MOZART, W.A.: Sogno di Scipione (Il) (Salzburg Festival, 2006)


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- (Disc 1)
Il sogno di Scipione, K. 126

Date of Production: 2006
Festival: Salzburg Festival
Venue: Grosse Universitatsaula, Salzburg
Playing Time: 01:48:33
Catalogue Number: A04001476

The genre of Il sogno di Scipione hovers between opera seria and oratorio. Devoid of psychological development or even dramatic conflict, it centers on Scipio, who dreams of two beautiful allegorical women: Fortuna (Fortune) and Costanza (Constancy). The two women both try to win him over. Ultimately, Scipio has to choose one, and his choice falls, unsurprisingly, on Costanza.

The Mozart 22 production of Il sogno di Scipione (Scipio's Dream) adds two more superlatives to the already stunning list of this project's matchless achievements. The musical direction is in the hands of the youngest conductor of all Mozart 22 works, Robin Ticciati, born in 1983; and it is most likely the very first staged performance ever of this work, which was not given its first full-length concert premiere until 1979, at the Salzburg Mozartwoche. Based on a libretto by Pietro Metastasio, like Betulia liberata, Tito and Rè pastore, the azione teatrale was composed between April and August 1771. Although it was intended for Archbishop Schrattenbach, he died before the work was completed.

Director Michael Sturminger has devised a light and witty staging with artists from the Klagenfurt Municipal Theater. He transposes the action to what looks like a large suite in a luxury hotel. Gone are all traces of pallid allegory in the depictions of the two women: Fortuna (a warmly intoning Bernarda Bobro) is a vamp and seductress in revealing dresses; Costanza (a dazzlingly virtuoso Louise Fribo) is the sensible housewife and mother who, however, hasn't forgotten how to turn on her man. To help guide Scipio back on the path of virtue, Sturminger has Costanza trot out the couple's two cute little children...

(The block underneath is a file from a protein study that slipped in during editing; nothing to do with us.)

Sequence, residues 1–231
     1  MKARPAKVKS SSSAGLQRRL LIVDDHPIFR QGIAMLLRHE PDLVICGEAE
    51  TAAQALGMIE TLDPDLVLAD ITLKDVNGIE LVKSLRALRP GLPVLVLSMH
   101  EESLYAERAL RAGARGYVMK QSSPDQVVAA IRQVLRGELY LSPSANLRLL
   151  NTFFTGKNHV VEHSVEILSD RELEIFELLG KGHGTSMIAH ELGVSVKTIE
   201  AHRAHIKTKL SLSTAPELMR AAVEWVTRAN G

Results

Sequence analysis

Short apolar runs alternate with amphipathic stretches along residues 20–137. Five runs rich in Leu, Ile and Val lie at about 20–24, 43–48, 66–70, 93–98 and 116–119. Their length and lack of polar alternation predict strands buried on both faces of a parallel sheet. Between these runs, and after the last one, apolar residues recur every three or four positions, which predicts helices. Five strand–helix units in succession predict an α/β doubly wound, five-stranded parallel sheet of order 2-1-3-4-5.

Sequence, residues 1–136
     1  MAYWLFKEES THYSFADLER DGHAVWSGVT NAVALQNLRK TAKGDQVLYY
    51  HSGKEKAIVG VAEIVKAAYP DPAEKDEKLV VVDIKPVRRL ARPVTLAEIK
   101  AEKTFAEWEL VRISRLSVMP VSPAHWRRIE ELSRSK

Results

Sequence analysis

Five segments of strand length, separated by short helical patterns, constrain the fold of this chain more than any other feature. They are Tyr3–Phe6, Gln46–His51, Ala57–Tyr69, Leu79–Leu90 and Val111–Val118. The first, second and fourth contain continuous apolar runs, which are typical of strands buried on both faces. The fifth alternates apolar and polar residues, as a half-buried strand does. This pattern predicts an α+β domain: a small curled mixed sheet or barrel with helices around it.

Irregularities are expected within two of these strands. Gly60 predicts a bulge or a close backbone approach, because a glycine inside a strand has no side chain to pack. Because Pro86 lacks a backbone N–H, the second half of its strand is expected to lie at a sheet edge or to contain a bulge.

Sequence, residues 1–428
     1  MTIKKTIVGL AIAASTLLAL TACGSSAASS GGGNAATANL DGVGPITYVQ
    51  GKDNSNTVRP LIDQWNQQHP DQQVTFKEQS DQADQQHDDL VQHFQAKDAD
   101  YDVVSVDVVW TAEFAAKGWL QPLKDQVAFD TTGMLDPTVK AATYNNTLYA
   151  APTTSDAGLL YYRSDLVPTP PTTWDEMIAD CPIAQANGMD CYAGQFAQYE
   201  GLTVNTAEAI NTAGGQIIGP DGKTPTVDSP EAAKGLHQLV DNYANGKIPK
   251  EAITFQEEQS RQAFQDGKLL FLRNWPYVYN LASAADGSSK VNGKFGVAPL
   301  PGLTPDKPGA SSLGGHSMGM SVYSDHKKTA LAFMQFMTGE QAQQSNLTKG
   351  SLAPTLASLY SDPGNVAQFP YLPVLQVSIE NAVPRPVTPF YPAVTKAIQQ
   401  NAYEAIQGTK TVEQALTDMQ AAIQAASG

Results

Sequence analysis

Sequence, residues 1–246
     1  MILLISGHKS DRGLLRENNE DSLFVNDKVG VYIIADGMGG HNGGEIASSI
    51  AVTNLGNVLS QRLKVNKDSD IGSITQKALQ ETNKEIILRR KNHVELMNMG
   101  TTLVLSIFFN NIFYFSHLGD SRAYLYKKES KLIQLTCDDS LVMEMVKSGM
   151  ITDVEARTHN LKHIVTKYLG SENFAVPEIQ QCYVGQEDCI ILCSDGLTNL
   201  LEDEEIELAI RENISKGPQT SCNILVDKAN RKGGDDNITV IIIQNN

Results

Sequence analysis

Musically, the work flickers with flashes of genius that prefigure the later operatic master. Already self-confident in his treatment of emotions, Mozart relishes his chance to formulate breathtaking vocal fireworks as his protagonists grapple with lust, desire and virtue. Thanks to Blagoj Nacoski, the title role stands out for its brilliance and clarity. British conductor Robin Ticciati leads the chorus of the Klagenfurt Municipal Theater and the Carinthian Symphony Orchestra with irrepressible verve.

Part 1

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